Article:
Essays on the effect of excess compensation and governance changes on firm value

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dc.contributor.author Dah, Mustafa A.
dc.date.accessioned 2018-03-16T08:19:55Z
dc.date.available 2018-03-16T08:19:55Z
dc.date.copyright 2012 en_US
dc.date.issued 2018-03-16
dc.identifier.uri http://hdl.handle.net/10725/7220
dc.description.abstract This dissertation consists of three essays on the effect of excess compensation and corporate governance changes on the firm’s performance. The first paper utilizes a cost minimization stochastic frontier approach to investigate the efficiency of director total compensation. Our findings suggest that board members are over compensated. We show that, on average, the director actual compensation level is above the efficient compensation level by around 63%. Our results suggest that an increase in director excess compensation decreases the likelihood of CEO turnover, reduces the turnover-performance sensitivity, and increases managerial entrenchment. Thus, the surplus in director compensation is directly associated with managerial job security and entrenchment. Furthermore, although director excess compensation is not significantly inversely related to the firm’s future performance, it has an indirect negative effect on future performance through its impact on the entrenchment performance relationship. Therefore, this essay proposes that the overcompensation of directors is directly associated with a board culture predicated by mutual back-scratching and collusion between the CEO and the board members. The second essay tests the effect of an exogenous shock, the Sarbanes-Oxley Act (SOX) of 2002, on the structure of corporate boards and their efficiency as a monitoring mechanism. The results suggest an increase in the participation of independent directors at the expense of insiders. Consequently, we investigate the implications of board composition changes on CEO turnover and firm value. We document a noticeable reduction in CEO turnover in the post-SOX period. We also demonstrate that, after SOX, a board dominated by independent directors is less likely to remove a CEO due to poor performance. Finally, we highlight a negative association between the change in board composition and firm value. We propose that our findings are predicated on an off equilibrium result whereby firms were forced to modify their endogenously chosen board composition. Therefore, contrary to the legislators’ objectives, we suggest that the change in board structure brought about inefficient monitoring and promoted an unfavorable trade off between independent directors and insiders. The third essay examines the relationship between the firm’s governance structure and its value during different economic conditions. We show that both relative industry turnover and CEO entrenchment increase during economic downturns. We also find that relative industry turnover and managerial entrenchment have opposite impacts on the value of the firm throughout the recessionary period. While industry turnover leads to an appreciation in firm value, managerial entrenchment reduces shareholders’ wealth. The negative impact of managerial entrenchment on firm value, however, outweighs the positive impact of industry turnover. Accordingly, we propose that a recession provides managers with a good opportunity to camouflage their behavior and extract more private benefits and, thus, blame the poor performance on bad economic conditions. en_US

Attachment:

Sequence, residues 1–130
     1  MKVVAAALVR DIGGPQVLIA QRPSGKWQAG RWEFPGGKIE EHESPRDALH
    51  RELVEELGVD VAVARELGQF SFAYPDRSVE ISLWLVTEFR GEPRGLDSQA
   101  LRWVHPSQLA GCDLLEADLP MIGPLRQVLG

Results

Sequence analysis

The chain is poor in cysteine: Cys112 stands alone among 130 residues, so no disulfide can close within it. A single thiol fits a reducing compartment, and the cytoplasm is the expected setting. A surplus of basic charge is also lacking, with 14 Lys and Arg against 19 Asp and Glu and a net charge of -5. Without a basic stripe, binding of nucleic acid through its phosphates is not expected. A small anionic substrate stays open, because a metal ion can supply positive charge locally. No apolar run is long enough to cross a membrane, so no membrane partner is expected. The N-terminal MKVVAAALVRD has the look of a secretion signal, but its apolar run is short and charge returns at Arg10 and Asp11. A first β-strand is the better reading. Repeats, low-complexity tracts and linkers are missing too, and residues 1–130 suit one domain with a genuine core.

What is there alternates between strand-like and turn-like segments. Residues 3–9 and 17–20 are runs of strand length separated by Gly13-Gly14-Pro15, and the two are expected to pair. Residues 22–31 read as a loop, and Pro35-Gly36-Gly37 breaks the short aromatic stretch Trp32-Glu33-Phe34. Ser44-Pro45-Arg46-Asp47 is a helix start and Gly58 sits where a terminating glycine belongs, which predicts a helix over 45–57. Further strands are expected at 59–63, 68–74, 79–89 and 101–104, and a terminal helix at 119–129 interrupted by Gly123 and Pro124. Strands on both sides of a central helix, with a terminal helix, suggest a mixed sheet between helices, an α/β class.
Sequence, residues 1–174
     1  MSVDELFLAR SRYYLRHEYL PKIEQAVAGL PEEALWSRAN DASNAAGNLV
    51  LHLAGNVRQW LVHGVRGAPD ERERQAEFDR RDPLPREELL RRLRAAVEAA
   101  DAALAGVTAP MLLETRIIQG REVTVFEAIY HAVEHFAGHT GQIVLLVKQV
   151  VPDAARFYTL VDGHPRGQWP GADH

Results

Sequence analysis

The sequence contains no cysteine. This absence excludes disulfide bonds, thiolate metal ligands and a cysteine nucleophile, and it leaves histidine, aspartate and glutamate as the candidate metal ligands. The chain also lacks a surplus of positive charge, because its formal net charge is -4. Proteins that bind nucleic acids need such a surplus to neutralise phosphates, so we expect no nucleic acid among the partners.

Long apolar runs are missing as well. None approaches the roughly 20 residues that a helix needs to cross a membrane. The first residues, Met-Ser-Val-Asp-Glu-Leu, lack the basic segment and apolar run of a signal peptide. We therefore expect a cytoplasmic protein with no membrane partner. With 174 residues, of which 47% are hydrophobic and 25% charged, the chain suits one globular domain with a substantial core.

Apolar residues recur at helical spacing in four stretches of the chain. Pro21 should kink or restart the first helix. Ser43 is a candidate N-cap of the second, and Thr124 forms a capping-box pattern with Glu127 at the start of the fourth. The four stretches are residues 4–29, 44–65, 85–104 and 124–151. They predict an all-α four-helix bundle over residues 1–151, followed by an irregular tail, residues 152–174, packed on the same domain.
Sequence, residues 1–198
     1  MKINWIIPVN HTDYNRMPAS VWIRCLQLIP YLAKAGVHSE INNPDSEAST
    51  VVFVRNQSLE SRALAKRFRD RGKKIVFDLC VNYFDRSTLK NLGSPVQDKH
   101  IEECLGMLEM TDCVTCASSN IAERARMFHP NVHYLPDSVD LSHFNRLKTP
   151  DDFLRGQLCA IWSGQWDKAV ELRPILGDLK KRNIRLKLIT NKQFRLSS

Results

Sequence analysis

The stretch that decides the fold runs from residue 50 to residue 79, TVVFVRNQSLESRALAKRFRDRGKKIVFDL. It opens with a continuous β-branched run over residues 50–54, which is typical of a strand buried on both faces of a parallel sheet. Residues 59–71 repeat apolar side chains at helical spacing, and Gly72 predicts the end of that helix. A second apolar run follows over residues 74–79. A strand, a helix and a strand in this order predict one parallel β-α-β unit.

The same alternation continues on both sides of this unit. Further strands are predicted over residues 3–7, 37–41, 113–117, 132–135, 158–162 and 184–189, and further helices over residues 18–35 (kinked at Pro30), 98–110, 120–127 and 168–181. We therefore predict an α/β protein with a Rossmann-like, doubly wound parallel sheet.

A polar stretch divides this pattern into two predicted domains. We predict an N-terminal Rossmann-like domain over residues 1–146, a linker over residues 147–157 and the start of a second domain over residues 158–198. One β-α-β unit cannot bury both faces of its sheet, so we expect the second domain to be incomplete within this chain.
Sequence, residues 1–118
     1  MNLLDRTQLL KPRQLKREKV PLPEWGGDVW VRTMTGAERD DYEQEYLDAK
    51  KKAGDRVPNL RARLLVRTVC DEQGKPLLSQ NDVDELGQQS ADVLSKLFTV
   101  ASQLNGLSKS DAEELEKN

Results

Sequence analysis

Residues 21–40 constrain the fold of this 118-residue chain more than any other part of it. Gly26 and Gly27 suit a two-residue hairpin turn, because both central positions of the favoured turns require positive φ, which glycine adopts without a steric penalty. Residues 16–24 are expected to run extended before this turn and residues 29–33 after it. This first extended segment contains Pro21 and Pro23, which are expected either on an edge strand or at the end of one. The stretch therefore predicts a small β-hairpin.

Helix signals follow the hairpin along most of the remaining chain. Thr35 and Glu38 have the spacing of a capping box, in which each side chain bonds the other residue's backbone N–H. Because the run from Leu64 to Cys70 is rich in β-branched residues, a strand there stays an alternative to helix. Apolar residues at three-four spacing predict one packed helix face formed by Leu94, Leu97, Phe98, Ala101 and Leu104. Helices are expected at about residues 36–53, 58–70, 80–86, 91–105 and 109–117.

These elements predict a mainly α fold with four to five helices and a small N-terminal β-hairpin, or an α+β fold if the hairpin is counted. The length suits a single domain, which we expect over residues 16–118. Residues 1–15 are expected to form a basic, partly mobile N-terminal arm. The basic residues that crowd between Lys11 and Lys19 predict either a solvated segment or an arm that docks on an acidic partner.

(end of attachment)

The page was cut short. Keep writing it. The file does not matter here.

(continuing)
dc.language.iso en en_US
dc.publisher University of Central Florida
dc.subject Corporate governance en_US
dc.subject Directors of corporations -- Salaries, etc. en_US
dc.subject Corporations -- Finance en_US
dc.subject United States -- Sarbanes-Oxley Act of 2002 en_US
dc.title Essays on the effect of excess compensation and governance changes on firm value en_US
dc.type Thesis en_US
dc.term.submitted Spring en_US
dc.author.degree PHD en_US
dc.author.school SOB en_US
dc.author.idnumber 200104725 en_US
dc.author.department Department of Finance and Accounting (FINA) en_US
dc.description.embargo N/A en_US
dc.description.physdesc x, 132 pages en_US
dc.author.advisor Frye, Melissa B. en_US
dc.publication.place Orlando, Fla.
dc.description.bibliographiccitations Includes bibliographical references. en_US
dc.identifier.ctation Dah, M. A. (2012). Essays On The Effect Of Excess Compensation And Governance Changes On Firm Value. en_US
dc.author.email mustafa.dah@lau.edu.lb en_US
dc.identifier.tou http://libraries.lau.edu.lb/research/laur/terms-of-use/articles.php en_US
dc.identifier.url http://stars.library.ucf.edu/cgi/viewcontent.cgi?article=3116&context=etd en_US
dc.publisher.institution University of Central Florida en_US
dc.author.affiliation Lebanese American University en_US

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